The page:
Across the States
With the close of the 2007 legislative session, it is time to assess both the good and the bad.
Despite overwhelming evidence that putting 4-year-olds in classrooms brings no lasting benefits—and may cause harm—Iowa became one of the only states in the nation to force taxpayers to foot the bill for statewide government-financed classroom time for 4-year-olds. Teacher’s unions around the nation are pushing hard to get more and more children into their system at earlier ages. In Iowa, the unions found a receptive audience, the legislature having taken a strongly statist lurch in the last election.
The legislature also passed mandatory lead testing for all children, including homeschoolers. It is not entirely clear when the law will be enforced, but in the future, homeschoolers will be required to have their children tested for the presence of lead in the blood, unless they have a religious exemption, they are exempt under rules to be adopted by the state department of health in the future, or the law is modified.
We can rejoice, however, at the defeat of several measures that would have eroded educational liberty. Although there was a tremendous push to expand the age of compulsory attendance, and passage of at least one bill looked all but certain, every proposal to start compulsory attendance earlier or extend it longer failed to become law.
The legislature rejected the opportunity to establish a definition of marriage through the democratic process, thus putting Iowa citizens at risk of unpredictable judges imposing their own idiosyncratic definition of marriage.
A bill that reflected a nationwide trend to expand the reach of social services workers into every home, Senate File 481 failed to become law. The bill would have created a new wide-sweeping program for government agents to visit the home of every newborn baby—except the homes of those few families who know their right to reject the visit.
While Home School Legal Defense Association believes that child abuse and neglect are crimes that should be prosecuted to the fullest extent of the law, the 4th Amendment to the United States Constitution makes it clear that families may not be targeted for government visits without a warrant. In our nearly 25 years of experience in dealing with social services workers, HSLDA has found that the vast majority of investigations turn out to be unnecessary, unfounded, and highly traumatic for families. We’ve observed that government workers who purport to visit a family for the purpose of helping them have sometimes turned out to be looking for justification for government intervention in the family’s lives.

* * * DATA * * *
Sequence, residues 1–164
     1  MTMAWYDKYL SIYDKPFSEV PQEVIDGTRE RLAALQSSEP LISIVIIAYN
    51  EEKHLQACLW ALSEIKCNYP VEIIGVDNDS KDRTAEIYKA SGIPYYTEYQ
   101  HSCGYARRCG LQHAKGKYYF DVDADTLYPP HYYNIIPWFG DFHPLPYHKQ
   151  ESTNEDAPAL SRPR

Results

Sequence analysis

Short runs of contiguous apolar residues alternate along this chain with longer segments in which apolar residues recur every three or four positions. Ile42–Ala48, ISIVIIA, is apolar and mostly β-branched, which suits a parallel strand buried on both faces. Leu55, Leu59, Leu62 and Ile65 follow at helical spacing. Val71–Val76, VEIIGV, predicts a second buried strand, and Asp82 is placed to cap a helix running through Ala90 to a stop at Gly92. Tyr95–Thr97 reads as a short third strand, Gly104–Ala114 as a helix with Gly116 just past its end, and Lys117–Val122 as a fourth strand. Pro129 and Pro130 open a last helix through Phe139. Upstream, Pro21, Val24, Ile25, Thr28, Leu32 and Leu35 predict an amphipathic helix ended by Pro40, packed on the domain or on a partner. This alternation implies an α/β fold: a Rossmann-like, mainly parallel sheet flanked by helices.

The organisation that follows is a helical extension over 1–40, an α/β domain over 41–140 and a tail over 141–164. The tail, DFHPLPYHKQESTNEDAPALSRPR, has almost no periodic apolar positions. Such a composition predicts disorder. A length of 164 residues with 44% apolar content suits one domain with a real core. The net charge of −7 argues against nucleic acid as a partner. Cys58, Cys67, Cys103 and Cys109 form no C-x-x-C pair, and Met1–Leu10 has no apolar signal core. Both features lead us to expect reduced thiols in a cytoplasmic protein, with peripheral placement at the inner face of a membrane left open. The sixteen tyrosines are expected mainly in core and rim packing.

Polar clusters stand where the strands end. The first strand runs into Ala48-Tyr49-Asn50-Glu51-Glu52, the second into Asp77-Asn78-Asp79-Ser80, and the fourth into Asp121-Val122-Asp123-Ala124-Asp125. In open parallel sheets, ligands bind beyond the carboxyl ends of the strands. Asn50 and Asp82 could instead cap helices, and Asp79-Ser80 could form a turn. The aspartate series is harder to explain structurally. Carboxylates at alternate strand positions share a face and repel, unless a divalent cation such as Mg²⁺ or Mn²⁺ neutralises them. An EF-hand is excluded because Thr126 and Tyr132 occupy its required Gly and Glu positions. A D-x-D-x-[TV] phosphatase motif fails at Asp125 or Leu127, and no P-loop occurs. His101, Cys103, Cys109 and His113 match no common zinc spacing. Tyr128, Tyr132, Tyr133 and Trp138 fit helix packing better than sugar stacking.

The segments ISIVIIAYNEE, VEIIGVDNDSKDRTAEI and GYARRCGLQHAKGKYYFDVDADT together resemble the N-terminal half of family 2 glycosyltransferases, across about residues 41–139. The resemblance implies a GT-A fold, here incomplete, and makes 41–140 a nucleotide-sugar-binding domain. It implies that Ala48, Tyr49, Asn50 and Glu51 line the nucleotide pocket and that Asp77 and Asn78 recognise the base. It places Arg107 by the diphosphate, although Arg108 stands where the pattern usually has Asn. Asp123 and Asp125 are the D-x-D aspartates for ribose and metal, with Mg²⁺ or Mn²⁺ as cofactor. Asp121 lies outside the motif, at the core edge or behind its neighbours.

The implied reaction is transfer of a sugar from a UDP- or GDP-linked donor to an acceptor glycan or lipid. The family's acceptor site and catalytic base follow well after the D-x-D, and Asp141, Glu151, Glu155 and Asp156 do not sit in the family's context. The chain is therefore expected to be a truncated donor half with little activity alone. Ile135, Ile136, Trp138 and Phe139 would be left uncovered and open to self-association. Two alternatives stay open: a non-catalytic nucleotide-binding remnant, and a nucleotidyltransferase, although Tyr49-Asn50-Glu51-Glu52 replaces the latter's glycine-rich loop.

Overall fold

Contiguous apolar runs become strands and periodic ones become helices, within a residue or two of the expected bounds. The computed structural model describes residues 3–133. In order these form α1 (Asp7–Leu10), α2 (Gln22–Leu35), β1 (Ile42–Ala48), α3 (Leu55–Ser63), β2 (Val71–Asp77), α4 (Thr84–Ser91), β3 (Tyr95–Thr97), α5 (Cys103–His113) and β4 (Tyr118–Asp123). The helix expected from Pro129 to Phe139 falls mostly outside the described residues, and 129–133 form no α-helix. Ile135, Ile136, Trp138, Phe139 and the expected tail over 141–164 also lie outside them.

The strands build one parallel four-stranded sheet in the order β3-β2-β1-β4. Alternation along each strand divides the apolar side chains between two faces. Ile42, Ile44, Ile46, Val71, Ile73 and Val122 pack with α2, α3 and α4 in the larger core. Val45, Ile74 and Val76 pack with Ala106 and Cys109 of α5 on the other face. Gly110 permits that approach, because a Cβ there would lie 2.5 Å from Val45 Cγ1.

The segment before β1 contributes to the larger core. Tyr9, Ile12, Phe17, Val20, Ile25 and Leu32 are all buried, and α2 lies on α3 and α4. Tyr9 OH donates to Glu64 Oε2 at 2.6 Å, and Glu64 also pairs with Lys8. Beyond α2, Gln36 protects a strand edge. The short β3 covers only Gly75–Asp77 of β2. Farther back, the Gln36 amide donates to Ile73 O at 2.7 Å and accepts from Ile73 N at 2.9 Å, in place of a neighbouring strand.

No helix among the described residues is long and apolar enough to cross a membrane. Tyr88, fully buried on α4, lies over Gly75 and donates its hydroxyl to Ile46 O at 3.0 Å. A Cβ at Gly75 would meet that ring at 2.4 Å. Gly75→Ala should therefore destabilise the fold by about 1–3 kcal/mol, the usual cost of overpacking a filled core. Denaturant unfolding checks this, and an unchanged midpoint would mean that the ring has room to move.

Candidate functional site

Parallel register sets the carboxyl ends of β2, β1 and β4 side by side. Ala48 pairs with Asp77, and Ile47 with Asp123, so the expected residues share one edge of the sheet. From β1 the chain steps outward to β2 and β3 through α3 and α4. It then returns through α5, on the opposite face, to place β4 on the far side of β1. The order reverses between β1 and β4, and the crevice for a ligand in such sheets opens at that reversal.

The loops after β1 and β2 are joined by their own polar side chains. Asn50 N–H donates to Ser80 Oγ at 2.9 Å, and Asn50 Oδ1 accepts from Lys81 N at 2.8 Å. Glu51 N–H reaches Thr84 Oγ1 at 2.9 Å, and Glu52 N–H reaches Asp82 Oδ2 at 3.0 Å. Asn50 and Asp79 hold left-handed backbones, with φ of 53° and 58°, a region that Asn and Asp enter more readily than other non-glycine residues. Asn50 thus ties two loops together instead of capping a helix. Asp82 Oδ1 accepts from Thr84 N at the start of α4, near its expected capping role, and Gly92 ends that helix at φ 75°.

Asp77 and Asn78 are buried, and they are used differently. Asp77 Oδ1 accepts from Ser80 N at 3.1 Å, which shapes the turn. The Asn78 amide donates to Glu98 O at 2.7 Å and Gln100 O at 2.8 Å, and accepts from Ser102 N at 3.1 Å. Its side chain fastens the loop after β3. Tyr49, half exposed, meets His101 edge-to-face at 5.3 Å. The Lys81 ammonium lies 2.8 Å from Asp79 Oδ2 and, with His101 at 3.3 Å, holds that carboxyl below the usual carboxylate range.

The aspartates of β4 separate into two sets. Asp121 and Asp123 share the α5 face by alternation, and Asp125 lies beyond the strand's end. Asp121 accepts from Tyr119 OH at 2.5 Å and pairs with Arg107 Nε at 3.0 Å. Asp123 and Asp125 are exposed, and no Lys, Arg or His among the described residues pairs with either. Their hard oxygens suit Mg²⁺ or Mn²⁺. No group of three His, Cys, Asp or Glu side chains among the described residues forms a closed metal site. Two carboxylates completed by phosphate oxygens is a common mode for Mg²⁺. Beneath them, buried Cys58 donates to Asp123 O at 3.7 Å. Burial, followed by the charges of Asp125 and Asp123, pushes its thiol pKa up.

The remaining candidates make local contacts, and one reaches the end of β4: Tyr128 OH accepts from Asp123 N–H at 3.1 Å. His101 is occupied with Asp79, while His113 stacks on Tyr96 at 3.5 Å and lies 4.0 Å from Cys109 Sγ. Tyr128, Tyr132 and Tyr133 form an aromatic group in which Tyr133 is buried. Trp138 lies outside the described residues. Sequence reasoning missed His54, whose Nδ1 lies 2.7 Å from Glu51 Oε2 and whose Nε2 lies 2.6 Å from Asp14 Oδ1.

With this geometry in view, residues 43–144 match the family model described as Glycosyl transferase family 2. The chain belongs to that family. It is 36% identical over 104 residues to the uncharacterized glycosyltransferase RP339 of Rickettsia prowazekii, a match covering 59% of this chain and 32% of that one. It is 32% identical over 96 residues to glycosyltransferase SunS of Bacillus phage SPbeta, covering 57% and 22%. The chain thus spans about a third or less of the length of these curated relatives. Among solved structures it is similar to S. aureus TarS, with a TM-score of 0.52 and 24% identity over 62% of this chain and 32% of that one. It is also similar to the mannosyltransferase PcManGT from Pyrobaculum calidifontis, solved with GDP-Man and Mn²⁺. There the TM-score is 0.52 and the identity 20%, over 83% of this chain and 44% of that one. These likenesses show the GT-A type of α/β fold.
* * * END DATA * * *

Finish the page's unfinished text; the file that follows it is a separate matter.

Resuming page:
This invasive program unanimously passed the Iowa Senate Committee on Human Resources. However, the 2-million-dollar price tag for this “big brother” program may have contributed to it running out of steam and failing to reach a vote on the Senate floor. This type of dangerous bill may surface again in Iowa or other states, and we encourage our members to oppose such measures.
House Joint Resolution 4 would have created “Home Rule,” giving counties much more power over citizens. This measure easily could have resulted in counties trying to impose their own homeschool requirements. Fortunately, H.J.R. 4 failed to become law.
A bill that would have helpfully established September 15 as the uniform date for filing the annual Competent Private Instruction (CPI) form (as opposed to the deadline being the variable first day of school in each district), failed to become law. However, the Iowa Department of Education has sensibly and independently adopted this date as policy, and the new CPI handbook and form state that September 15 is the filing date.
HSLDA members were active on many of these issues, making phone calls and visits to legislators, and the Network of Iowa Christian Home Educators (NICHE) once again played a central role in protecting liberty. Our thanks go to all who helped defend homeschool freedom this year.
— by Scott A. Woodruff